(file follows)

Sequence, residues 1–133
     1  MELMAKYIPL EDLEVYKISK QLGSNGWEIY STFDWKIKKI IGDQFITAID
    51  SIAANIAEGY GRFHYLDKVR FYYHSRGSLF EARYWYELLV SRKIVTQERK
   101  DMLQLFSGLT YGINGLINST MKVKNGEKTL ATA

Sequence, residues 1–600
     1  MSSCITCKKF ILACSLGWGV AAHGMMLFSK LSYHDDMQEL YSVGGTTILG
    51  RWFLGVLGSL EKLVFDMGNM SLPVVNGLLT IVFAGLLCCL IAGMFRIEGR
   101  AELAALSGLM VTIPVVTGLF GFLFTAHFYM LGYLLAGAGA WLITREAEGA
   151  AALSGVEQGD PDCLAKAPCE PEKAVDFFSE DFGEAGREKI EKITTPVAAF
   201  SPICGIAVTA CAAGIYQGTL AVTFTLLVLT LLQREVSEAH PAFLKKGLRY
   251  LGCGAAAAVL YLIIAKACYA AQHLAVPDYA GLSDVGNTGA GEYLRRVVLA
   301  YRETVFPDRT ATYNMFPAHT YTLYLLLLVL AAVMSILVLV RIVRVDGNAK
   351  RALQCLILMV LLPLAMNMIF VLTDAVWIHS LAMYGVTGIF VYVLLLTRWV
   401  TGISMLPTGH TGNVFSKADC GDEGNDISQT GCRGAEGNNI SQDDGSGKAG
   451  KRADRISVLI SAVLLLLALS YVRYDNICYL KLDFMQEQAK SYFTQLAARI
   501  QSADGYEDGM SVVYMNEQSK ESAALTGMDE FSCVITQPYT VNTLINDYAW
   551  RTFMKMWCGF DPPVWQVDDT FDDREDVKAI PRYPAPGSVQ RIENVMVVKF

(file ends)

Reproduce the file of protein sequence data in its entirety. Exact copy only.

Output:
Sequence, residues 1–133
     1  MELMAKYIPL EDLEVYKISK QLGSNGWEIY STFDWKIKKI IGDQFITAID
    51  SIAANIAEGY GRFHYLDKVR FYYHSRGSLF EARYWYELLV SRKIVTQERK
   101  DMLQLFSGLT YGINGLINST MKVKNGEKTL ATA

Sequence, residues 1–600
     1  MSSCITCKKF ILACSLGWGV AAHGMMLFSK LSYHDDMQEL YSVGGTTILG
    51  RWFLGVLGSL EKLVFDMGNM SLPVVNGLLT IVFAGLLCCL IAGMFRIEGR
   101  AELAALSGLM VTIPVVTGLF GFLFTAHFYM LGYLLAGAGA WLITREAEGA
   151  AALSGVEQGD PDCLAKAPCE PEKAVDFFSE DFGEAGREKI EKITTPVAAF
   201  SPICGIAVTA CAAGIYQGTL AVTFTLLVLT LLQREVSEAH PAFLKKGLRY
   251  LGCGAAAAVL YLIIAKACYA AQHLAVPDYA GLSDVGNTGA GEYLRRVVLA
   301  YRETVFPDRT ATYNMFPAHT YTLYLLLLVL AAVMSILVLV RIVRVDGNAK
   351  RALQCLILMV LLPLAMNMIF VLTDAVWIHS LAMYGVTGIF VYVLLLTRWV
   401  TGISMLPTGH TGNVFSKADC GDEGNDISQT GCRGAEGNNI SQDDGSGKAG
   451  KRADRISVLI SAVLLLLALS YVRYDNICYL KLDFMQEQAK SYFTQLAARI
   501  QSADGYEDGM SVVYMNEQSK ESAALTGMDE FSCVITQPYT VNTLINDYAW
   551  RTFMKMWCGF DPPVWQVDDT FDDREDVKAI PRYPAPGSVQ RIENVMVVKF